For an employee anti-bias training program, look to Facebook

Without intention or realization, chances are leaders and employees alike possess biases that can be harmful to colleagues and patients.

Years of research have found various kinds of unconscious biases — including those pertaining to race, gender and class — affect our judgment and decisions at work, as well as how we interact with others, according to the Harvard Business Review.

These biases can produce costly consequences for organizations, such as hiring or promoting the wrong candidate and skipping over more deserving ones. They can also cross ethical boundaries, according to HBR. In healthcare, letting biases influence decisions regarding patient care could even yield fatal consequences.

Awareness of unconscious biases is not enough to suppress them, according to HBR. Organizations combat them through the careful development of employee training programs. These should help people accept that biases affect them, emphasize their concern about the consequences and see people are willing to replace biases with ideas that more closely align with their values, according to HBR.

Facebook is one company that has dedicated time and resources to training its employees in this regard. Cheryl Sandberg, COO of Facebook, recently wrote about the company's efforts, explaining that diversity is integral to the social networking site's mission of creating a more open and connected world. "One of the most important things we can do to promote diversity in the workplace is to correct for the unconscious bias that all of us have," she wrote.

Here are three elements of Facebook's employee program to manage unconscious bias, according to HBR.

1. Raise awareness and acceptance of the implications of bias. It is not always easy for people to accept that systematic errors, such as unconscious biases, affect their decisions. Many recognize bias in others, but don't think they have any themselves. Training programs that raise awareness that bias exists within all of us — even smart, well-intentioned people — helps people accept the fact that they may have demonstrated discrimination or prejudice against others in the past.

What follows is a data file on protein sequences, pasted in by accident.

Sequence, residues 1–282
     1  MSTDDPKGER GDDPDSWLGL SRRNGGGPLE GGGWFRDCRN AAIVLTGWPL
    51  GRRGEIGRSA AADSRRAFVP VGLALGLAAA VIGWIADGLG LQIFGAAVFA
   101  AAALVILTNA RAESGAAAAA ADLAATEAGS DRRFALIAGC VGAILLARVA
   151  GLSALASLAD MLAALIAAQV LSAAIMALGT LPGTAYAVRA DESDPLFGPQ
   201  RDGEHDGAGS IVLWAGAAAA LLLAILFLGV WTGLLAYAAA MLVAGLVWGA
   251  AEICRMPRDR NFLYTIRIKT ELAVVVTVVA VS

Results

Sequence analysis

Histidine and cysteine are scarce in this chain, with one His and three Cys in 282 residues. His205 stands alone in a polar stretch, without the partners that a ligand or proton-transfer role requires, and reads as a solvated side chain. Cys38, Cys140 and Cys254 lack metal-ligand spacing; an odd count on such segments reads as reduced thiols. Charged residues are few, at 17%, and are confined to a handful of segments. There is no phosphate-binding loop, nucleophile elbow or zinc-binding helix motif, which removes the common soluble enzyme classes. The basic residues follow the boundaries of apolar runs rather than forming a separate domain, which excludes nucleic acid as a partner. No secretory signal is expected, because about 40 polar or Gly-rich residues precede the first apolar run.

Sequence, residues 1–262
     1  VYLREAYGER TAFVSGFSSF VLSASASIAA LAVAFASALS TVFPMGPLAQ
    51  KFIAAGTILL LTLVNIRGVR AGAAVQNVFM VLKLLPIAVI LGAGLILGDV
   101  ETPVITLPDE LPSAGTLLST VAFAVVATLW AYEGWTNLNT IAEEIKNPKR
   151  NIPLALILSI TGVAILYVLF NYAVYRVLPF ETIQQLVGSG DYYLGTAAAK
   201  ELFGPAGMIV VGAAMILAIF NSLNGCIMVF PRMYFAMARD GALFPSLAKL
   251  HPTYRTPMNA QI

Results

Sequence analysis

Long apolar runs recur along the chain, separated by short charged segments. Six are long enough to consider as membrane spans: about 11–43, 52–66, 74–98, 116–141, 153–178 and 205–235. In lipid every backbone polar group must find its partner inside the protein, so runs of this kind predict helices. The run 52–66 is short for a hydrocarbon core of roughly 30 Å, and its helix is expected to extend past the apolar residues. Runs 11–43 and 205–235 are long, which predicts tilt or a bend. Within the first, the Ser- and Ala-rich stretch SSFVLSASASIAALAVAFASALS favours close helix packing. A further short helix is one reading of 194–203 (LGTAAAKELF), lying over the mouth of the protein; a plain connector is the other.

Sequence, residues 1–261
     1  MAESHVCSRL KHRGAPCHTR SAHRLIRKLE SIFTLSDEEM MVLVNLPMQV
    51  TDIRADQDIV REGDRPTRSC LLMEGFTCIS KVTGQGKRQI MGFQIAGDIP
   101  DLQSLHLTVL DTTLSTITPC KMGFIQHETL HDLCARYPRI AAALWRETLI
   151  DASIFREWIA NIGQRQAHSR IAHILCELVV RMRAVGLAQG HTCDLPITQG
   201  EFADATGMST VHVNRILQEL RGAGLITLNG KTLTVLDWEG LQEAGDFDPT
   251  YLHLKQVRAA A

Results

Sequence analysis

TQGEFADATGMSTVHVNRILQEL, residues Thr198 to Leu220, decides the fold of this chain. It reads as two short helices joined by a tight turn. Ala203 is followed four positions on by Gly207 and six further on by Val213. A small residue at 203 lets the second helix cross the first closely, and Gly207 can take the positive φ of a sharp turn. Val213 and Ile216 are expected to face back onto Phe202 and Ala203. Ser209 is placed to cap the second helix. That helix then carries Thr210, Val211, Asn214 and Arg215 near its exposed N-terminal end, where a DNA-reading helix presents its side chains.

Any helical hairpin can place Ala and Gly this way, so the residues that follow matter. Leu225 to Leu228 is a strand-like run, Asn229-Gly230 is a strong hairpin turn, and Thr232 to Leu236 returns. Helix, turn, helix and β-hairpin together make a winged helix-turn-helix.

2. Stress the negative consequences of bias. Research shows that when we realize our behavior has a negative impact on others, we become more concerned with correcting our actions so they don't generate the same bad outcomes or costs to others in the future, according to HBR.

3. Discuss strategies that eliminate unconscious bias and how to implement them. Research has identified only a handful of successful interventions that can be demonstrated during training programs to reduce unconscious bias. In one study, researchers found it is possible to at least temporarily reduce unconscious bias by showing people pictures of iconic individuals who do not adhere to common stereotypes. For instance, study participants viewed photos of black icons such as Martin Luther King, Jr., and white criminals, such as serial killer Jeffrey Dahmer.

Another effective approach for reducing unconscious racial bias was identified in studies where people listened to stories told in second person in which a white attacker attempted to hurt them and a black man rescued them. A longer, more detailed version of the story created stronger emotional reactions to both characters among study participants, and was particularly effective at reducing bias. While these efforts were effective for reducing unconscious bias in the short term, there is evidence the effects of such interventions can be long lasting, according to HBR.

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